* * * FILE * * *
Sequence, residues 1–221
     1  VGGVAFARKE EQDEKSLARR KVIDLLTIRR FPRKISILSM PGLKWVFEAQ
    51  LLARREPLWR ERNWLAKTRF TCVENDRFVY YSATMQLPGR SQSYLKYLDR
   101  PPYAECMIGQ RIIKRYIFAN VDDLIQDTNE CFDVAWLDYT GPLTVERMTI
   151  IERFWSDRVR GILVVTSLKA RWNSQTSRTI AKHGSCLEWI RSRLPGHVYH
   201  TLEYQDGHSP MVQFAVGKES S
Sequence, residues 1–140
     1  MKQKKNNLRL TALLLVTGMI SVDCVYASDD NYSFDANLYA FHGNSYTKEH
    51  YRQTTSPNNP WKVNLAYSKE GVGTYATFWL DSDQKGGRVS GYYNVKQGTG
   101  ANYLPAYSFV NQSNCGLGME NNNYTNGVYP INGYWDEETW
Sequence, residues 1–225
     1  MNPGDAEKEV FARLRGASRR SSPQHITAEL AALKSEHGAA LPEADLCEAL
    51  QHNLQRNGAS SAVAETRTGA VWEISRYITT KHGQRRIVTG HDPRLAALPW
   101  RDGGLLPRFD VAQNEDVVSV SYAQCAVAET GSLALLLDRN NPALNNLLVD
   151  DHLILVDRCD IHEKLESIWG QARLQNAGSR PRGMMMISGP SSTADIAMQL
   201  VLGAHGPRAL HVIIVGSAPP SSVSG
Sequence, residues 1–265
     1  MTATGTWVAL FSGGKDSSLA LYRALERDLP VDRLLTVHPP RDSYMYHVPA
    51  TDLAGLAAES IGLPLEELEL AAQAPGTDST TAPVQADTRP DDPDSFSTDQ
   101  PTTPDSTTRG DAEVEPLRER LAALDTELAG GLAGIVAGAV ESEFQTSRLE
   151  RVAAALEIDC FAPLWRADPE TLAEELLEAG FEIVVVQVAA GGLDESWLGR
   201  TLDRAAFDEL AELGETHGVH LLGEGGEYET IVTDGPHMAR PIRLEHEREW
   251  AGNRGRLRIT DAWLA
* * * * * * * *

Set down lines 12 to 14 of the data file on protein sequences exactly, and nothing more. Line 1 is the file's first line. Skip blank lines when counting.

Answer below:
     1  MNPGDAEKEV FARLRGASRR SSPQHITAEL AALKSEHGAA LPEADLCEAL
    51  QHNLQRNGAS SAVAETRTGA VWEISRYITT KHGQRRIVTG HDPRLAALPW
   101  RDGGLLPRFD VAQNEDVVSV SYAQCAVAET GSLALLLDRN NPALNNLLVD